Lean body mass  

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Train wreck at Montparnasse (October 22, 1895) by Studio Lévy and Sons.
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Train wreck at Montparnasse (October 22, 1895) by Studio Lévy and Sons.

Lean body mass (LBM) is a component of body composition, calculated by subtracting body fat weight from total body weight: total body weight is lean plus fat. In equations:

LBM = BW − BF
Lean body mass equals body weight minus body fat
LBM + BF = BW
Lean body mass plus body fat equals body weight

The percentage of total body mass that is lean is usually not quoted – it would typically be 60–90%. Instead, the body fat percentage, which is the complement, is computed, and is typically 10–40%. The lean body mass (LBM) has been described as an index superior to total body weight for prescribing proper levels of medications and for assessing metabolic disorders, as body fat is less relevant for metabolism. LBW is used by anesthesiologists to dose certain medications. For example, due to the concern of postoperative opioid-induced ventilatory depression in the obese patient, opioids are best based on lean body weight. The induction dose of propofol should also be based on LBW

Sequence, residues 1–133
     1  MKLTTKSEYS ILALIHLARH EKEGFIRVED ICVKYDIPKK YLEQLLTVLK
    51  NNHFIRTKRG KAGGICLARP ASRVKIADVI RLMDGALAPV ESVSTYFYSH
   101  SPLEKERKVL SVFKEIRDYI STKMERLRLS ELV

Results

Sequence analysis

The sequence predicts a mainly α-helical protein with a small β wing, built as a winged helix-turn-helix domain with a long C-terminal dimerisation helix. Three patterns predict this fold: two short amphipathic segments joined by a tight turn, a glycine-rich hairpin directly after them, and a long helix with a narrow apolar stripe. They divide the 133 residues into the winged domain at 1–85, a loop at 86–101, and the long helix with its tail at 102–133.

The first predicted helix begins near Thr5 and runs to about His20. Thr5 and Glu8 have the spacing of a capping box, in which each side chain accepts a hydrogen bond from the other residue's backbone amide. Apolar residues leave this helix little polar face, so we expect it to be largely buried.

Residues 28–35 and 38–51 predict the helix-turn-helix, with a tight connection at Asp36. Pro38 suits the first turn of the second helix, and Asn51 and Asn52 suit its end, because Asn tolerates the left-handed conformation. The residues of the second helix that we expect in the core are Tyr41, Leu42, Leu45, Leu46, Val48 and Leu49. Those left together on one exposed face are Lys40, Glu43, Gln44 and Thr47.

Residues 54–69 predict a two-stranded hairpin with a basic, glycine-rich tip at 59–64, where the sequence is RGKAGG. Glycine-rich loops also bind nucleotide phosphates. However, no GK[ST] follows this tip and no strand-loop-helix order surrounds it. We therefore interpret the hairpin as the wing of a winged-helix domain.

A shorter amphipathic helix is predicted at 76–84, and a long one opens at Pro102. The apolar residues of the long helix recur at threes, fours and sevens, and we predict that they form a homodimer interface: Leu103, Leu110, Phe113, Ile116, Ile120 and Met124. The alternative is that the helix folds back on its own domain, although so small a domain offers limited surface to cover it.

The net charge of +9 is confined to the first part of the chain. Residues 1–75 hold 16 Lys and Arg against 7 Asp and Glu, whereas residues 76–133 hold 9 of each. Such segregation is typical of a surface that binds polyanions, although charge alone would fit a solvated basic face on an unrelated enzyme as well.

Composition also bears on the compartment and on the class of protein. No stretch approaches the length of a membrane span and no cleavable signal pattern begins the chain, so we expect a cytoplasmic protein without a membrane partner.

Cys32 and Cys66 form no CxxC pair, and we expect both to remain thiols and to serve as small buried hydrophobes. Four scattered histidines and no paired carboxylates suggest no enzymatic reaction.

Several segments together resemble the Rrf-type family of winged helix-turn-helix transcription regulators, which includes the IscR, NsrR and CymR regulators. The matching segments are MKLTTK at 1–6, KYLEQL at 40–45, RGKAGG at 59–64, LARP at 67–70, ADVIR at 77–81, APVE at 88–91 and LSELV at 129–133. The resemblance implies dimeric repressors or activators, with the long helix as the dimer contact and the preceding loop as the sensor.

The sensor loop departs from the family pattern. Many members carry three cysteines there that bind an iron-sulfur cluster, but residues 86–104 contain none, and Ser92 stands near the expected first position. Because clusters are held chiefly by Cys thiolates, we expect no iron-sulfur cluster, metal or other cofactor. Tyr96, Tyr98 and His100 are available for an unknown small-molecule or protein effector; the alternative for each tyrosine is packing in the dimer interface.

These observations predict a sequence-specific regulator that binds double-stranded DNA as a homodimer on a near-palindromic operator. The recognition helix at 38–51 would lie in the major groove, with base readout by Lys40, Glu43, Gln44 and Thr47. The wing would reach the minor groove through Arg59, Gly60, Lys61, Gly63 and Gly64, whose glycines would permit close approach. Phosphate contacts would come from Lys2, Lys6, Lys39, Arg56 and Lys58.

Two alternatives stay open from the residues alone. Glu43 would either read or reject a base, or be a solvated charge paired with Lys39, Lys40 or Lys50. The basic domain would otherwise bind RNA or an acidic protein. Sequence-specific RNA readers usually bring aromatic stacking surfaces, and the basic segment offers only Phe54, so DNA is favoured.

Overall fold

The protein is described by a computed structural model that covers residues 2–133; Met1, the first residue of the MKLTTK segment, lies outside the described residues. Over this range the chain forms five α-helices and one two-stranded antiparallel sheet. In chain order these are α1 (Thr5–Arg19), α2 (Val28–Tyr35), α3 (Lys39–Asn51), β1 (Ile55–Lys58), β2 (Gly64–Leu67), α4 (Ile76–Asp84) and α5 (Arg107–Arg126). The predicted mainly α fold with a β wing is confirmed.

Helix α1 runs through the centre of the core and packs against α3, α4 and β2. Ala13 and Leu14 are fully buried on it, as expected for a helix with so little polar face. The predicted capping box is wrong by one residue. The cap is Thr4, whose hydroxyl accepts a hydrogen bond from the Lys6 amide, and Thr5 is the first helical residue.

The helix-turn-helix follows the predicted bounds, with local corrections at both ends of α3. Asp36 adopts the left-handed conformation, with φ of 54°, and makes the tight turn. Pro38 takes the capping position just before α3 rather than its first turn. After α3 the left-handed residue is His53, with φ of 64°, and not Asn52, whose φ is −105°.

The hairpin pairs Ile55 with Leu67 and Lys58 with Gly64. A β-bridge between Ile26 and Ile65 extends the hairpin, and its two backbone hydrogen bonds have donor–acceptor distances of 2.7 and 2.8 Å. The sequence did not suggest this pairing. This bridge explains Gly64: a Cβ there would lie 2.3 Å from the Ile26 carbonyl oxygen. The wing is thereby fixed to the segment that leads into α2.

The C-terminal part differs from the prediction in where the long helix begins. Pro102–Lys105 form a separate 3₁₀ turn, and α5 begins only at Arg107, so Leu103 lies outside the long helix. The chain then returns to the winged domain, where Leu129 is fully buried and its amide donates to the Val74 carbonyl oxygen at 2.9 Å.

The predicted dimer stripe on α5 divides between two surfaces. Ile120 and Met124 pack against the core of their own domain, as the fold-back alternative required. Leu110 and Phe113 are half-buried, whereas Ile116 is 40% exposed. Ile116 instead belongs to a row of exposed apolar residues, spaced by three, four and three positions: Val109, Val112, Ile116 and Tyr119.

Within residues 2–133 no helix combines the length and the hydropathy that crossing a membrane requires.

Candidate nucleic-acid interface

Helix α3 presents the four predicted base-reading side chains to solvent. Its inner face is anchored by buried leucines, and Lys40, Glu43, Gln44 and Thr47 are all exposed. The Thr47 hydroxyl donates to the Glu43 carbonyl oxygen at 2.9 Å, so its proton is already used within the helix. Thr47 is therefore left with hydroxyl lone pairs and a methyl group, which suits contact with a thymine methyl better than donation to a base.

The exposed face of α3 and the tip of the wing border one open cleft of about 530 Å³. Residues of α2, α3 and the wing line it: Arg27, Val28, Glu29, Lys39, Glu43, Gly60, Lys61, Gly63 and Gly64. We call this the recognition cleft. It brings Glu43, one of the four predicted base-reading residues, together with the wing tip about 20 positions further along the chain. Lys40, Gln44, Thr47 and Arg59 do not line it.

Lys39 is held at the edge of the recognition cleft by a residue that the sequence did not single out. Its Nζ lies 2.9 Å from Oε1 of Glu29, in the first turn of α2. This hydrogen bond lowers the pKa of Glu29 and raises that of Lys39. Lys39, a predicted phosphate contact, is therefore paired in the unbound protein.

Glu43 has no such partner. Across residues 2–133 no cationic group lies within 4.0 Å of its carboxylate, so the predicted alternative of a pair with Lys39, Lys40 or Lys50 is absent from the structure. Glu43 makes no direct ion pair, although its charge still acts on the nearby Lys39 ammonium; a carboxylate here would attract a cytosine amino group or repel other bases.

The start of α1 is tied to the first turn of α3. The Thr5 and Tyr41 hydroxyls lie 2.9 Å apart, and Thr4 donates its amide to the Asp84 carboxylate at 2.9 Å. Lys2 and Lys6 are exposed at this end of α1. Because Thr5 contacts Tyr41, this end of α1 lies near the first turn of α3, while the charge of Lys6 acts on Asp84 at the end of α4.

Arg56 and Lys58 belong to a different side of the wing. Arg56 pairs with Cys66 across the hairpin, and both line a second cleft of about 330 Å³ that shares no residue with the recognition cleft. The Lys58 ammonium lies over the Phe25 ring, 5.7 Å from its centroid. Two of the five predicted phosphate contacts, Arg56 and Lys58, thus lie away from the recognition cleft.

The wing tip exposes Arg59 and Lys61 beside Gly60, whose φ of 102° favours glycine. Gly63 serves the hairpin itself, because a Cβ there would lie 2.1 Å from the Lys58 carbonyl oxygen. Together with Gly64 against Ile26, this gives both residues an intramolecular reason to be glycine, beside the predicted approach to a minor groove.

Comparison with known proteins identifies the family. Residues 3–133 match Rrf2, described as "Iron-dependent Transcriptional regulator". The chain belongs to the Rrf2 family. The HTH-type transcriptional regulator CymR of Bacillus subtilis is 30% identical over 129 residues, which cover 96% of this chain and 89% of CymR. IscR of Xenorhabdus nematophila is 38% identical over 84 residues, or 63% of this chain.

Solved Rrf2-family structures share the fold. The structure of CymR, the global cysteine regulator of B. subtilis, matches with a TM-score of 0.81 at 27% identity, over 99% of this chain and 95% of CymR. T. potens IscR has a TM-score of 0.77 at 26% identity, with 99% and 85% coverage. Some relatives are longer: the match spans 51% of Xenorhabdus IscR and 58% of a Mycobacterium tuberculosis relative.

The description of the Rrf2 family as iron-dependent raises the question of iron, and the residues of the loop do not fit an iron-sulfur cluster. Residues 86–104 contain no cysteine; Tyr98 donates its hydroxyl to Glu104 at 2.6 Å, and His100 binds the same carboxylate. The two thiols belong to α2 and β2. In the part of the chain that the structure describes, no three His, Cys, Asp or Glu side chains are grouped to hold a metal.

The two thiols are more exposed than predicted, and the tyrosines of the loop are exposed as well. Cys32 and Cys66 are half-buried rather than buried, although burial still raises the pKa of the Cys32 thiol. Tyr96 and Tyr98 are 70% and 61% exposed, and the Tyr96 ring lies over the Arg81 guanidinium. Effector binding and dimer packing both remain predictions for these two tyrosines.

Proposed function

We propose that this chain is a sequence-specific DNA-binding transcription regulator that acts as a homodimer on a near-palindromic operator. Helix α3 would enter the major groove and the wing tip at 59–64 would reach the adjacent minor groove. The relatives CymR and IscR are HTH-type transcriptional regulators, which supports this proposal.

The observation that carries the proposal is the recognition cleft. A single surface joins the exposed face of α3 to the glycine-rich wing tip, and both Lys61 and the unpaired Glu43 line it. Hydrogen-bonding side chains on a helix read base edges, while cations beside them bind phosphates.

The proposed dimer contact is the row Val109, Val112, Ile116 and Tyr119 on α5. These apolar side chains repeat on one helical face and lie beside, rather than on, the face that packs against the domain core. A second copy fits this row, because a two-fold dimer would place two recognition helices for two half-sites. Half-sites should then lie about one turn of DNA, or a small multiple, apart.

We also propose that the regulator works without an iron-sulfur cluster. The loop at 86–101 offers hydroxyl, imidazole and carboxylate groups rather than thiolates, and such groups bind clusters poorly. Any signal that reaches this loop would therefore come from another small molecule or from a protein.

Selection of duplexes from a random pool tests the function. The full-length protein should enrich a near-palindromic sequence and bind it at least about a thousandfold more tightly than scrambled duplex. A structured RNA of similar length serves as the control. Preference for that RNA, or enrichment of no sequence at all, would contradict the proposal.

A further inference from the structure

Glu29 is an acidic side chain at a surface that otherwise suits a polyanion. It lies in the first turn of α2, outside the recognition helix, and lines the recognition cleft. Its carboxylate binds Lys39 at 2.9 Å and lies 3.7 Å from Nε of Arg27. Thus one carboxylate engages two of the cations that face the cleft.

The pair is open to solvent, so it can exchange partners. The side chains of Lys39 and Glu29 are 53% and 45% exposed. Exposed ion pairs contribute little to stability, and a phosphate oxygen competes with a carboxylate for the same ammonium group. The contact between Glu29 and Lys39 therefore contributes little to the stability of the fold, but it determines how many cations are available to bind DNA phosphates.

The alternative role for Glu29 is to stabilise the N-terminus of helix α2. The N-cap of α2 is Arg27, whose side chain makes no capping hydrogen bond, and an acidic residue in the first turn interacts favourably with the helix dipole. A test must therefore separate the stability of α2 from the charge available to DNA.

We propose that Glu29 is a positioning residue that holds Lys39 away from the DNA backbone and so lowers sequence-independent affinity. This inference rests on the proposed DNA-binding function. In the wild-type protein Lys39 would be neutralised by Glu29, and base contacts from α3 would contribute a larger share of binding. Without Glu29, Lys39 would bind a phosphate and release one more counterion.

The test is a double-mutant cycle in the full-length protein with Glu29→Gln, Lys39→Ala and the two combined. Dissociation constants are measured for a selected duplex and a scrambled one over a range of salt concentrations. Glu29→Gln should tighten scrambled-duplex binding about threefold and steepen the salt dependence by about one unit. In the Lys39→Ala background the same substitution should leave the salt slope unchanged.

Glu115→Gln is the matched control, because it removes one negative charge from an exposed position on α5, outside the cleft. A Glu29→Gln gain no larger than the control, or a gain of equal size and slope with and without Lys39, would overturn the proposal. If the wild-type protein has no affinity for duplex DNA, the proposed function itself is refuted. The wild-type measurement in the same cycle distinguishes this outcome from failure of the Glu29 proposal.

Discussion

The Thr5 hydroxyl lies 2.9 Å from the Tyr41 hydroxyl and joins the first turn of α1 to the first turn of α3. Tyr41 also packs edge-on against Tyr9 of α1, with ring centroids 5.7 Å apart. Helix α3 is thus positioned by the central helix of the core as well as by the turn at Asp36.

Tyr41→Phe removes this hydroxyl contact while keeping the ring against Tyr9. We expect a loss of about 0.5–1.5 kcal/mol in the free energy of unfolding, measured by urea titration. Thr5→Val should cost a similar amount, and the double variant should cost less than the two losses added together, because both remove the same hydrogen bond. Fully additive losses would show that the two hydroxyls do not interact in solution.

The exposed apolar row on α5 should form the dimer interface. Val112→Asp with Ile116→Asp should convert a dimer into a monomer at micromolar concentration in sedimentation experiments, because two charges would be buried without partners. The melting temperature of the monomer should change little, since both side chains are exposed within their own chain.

Unless indicated otherwise, the text in this article is either based on Wikipedia article "Lean body mass" or another language Wikipedia page thereof used under the terms of the GNU Free Documentation License; or on original research by Jahsonic and friends. See Art and Popular Culture's copyright notice.

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